Mathematical models of the human spine structure are useful in predicting biomechanical behaviour of the spine where actual experiments may never be performed. These models, to be valid, should be based upon experimentally determined mechanical properties of the spine.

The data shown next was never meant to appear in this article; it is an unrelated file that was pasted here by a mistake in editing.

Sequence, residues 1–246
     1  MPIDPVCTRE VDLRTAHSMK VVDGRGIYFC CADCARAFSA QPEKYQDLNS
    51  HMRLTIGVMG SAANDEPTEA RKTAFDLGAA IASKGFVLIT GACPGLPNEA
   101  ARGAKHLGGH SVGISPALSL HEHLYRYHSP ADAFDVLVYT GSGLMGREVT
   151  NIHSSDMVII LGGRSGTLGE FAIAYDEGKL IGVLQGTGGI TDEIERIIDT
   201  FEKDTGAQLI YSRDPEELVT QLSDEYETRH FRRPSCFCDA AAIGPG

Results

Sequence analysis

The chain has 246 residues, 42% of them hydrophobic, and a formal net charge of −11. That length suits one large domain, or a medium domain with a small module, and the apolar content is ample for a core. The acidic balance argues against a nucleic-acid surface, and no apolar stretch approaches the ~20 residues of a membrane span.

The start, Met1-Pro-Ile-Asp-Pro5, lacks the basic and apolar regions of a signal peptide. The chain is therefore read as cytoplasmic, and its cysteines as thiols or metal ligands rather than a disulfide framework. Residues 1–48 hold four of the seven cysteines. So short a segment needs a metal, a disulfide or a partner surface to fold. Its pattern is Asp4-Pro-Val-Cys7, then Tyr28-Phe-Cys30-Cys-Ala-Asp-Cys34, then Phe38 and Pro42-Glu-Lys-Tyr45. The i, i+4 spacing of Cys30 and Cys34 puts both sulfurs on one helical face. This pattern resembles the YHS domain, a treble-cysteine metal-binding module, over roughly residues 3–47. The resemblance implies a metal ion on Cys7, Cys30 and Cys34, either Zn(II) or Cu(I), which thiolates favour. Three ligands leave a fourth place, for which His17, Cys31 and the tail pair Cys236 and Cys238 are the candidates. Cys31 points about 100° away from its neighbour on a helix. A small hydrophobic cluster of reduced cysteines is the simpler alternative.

Three dimensional flexibility and stiffness properties, including the coupling effects, were determined for all levels of the human thoracic spine. Fresh cadaver spines were used in a 100% humid atmosphere at 22°C to preserve physiological environment. Bottom vertebra of a two vertebrae construct was fixed. Twelve forces and moments, one at a time, were applied to the top vertebra. Vertebral displacement was accurately measured in three dimensional space. Load displacement curves for the main as well as the coupled motions were plotted. Flexibility and stiffness matrices were calculated for the center of the vertebral body. Values for the matrix coefficients, the load-displacement diagrams and the variation of the mechanical properties with the spine level are presented.